Oracle allows a definition to be stored in the data dictionary that describes how data is to be retrieved from one or more tables. This logical definition is called a view. A view may be thought of as a layer on top of the tables that actually contain the data. Views do not store any data themselves; they only define what data is to be retrieved and, in many cases, the restrictions for retrieving the data. Views are treated exactly like tables when data is being selected. In fact, in the sample statement below, there is no way to tell if the table emp_sal specified in the query is really a table or a view:
SELECT employee_name, current_salary FROM emp_sal;
Figure 3.1 shows how a user would access the view as though it were a table and how execution of the view causes required data to be retrieved from several tables.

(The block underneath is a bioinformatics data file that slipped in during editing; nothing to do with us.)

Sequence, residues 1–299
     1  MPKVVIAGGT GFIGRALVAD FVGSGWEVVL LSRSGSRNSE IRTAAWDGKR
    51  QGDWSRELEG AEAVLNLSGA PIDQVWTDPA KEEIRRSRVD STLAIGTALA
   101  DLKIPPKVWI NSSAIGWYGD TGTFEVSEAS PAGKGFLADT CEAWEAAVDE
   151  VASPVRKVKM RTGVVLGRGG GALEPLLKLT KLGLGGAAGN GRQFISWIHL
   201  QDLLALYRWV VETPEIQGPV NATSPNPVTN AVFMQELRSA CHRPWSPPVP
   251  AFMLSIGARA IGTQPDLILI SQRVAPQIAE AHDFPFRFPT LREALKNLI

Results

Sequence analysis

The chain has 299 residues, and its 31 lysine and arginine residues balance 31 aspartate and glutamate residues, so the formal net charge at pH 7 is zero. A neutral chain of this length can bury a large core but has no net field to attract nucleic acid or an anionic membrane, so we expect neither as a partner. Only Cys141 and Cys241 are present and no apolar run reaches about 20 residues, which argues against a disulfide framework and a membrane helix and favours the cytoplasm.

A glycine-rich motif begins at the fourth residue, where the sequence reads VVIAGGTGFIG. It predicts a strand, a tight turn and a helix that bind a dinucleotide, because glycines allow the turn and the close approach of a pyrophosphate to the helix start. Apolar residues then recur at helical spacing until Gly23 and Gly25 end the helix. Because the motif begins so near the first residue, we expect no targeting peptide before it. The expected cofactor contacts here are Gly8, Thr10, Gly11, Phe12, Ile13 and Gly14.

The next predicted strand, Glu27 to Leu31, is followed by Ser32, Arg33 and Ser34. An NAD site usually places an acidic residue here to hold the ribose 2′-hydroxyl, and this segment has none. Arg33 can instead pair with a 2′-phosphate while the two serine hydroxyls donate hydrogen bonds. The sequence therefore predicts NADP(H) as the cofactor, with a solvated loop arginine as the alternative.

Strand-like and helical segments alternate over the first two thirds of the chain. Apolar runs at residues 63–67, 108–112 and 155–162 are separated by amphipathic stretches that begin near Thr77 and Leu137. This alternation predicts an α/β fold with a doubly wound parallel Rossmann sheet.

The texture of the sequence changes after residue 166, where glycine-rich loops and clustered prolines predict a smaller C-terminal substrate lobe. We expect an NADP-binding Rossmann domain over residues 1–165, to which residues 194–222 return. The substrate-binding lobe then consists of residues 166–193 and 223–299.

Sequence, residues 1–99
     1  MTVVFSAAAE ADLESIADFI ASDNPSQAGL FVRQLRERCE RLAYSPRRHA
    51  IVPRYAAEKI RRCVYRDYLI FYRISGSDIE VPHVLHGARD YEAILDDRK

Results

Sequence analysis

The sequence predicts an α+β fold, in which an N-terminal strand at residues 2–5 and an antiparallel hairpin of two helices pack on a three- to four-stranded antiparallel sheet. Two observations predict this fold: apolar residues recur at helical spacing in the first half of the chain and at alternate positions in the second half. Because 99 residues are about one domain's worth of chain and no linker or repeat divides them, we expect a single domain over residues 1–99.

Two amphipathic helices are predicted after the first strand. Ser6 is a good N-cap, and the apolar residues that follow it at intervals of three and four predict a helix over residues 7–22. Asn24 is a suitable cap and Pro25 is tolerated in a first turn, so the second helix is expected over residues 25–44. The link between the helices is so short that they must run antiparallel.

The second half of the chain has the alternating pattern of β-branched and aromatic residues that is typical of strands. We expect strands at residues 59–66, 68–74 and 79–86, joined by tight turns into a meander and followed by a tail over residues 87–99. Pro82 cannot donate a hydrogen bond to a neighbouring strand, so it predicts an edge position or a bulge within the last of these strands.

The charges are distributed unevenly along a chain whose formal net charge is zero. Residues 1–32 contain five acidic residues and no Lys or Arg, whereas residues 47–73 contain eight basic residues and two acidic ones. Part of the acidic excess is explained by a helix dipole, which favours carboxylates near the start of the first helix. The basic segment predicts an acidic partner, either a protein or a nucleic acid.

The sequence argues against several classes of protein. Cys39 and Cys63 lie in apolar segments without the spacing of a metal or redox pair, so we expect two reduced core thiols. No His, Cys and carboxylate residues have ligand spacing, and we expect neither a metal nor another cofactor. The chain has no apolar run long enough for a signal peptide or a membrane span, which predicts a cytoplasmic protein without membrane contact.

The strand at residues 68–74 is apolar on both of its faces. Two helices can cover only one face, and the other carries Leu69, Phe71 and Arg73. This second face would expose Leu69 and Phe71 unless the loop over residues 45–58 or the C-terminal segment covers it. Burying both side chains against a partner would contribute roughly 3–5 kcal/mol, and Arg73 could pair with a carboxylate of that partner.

Figure 3-1. View implementation
Views can be used for several purposes relevant to security; for example, they can simplify user access by pre-joining tables and they can limit the data retrieved.
Consider the two tables referenced in Figure 3.1: employee and salary. The employee table contains the constant employee information such as name, social security number, and other basic data which is not expected to change. The salary table contains the employee number along with the employee’s job, when the job was started and ended, as well as the salary. This ...